Whereas the classic ganache recipe calls for equal parts cream and chocolate, if water is used, less is needed since it is thinner than cream. The standard size of local chocolate bars is 100 grams (about 3.5 ounces). To make ganache, add 85 ml (about 1/3 cup) boiling water to each 100 grams of chocolate, broken into pieces. Let it sit for a minute, and then stir until melted together. No whisk or mixer needed. A regular bowl and spoon work just fine. If there are stubborn lumps of chocolate after a few minutes of mixing, microwave for 30 seconds or heat over a double boiler until the chocolate has all melted. At this point, you can add flavorings, such as liquor or peanut butter. For mocha flavored ganache, melt the chocolate with hot coffee instead of hot water. If using the ganache to frost cake, you’re ready to go. Let that chocolate flow. If you want to use the ganache more like a mousse, such as to fill dessert cups like in the picture, you have a little more work ahead. Put the chocolate mixture in the fridge to cool for about a half hour, until it has thickened to frosting consistency, but not hardened. Fill a pastry bag or corner of a zip-top plastic bag (Regular sandwich bags aren’t strong enough.), snip the end, and pipe into place. Decorate with nuts, shredded coconut, or sprinkles. If the chocolate mixture hardens too much in the fridge, simply microwave for increments of 10-15 seconds until it’s soft enough to squeeze out of pastry bags.


Lite Chocolate Ganache Recipe


100 grams good quality chocolate
85 ml (about 1/3 cup) boiling water
1 teaspoon liquor, coffee, nut butter, or other flavoring (optional)
nuts, shredded coconut or other toppings (optional)


  1. Break chocolate into small pieces and put into microwave-safe bowl.
  2. Pour hot water over chocolate. Let sit for one minute.
  3. Stir until an even, smooth sauce is formed.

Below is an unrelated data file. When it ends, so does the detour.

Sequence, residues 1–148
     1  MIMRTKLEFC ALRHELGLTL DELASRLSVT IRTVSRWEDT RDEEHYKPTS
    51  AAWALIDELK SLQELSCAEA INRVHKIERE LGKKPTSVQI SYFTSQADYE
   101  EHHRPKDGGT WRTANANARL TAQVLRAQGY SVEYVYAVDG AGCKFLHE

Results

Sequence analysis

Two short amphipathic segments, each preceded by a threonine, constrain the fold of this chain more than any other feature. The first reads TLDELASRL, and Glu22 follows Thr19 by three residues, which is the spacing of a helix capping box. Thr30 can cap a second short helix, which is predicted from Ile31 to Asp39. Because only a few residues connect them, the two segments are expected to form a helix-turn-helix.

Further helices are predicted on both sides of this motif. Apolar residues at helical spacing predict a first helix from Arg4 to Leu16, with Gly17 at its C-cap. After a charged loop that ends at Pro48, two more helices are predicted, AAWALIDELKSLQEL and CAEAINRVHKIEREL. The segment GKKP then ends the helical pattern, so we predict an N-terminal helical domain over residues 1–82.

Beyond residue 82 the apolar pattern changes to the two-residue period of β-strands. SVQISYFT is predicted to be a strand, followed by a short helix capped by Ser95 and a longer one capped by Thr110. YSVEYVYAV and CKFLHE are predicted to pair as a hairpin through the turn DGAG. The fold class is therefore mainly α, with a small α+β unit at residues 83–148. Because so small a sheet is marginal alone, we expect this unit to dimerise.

4. Mix in flavoring, if desired.
  5. If you want a thicker consistency, refrigerate for a half hour.
  6. Spoon into pastry bag or zip-top bag with the corner cut off to frost with.
  7. Decorate with toppings, if desired.

If you’re looking for a healthier option, try Gluten-Free No-Bake Brownie Bites.


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Sweet and Sour Flowers

Forget door bells and sleigh bells and schnitzel with noodles. Just give me flowers. It might sound cliche, but they really are one of my favorite things. Since it’s Adar, the happiest month on Hebrew calendar, I’ve been indulging in happy things. I spent a morning hiking with some of my favorite people people and saw magnificent  flowers. The white petals are raining from the almond trees, and the hills surrounding my house are full of bright red poppies (פרג) and anemones (כלניות) sans Wizard of Oz. I can’t actually tell the difference between them, but I still love them. Fields are yellow with spring groundsel (סביונים), and purple cyclemen (רקפות) are hiding in the shade behind rocks and trees. No picking, though! Cyclemen and anemones are officially “protected flowers” that are illegal to pick in Israel. If you’re here, try to find a chance to get away from your computer, the kitchen, the Pesach cleaning, and the half-made Purim costumes and get out to see the beauty around you. If you’re not in Israel, this is what you’re missing:


almond blossoms


Poppy or anemone?


spring groundsel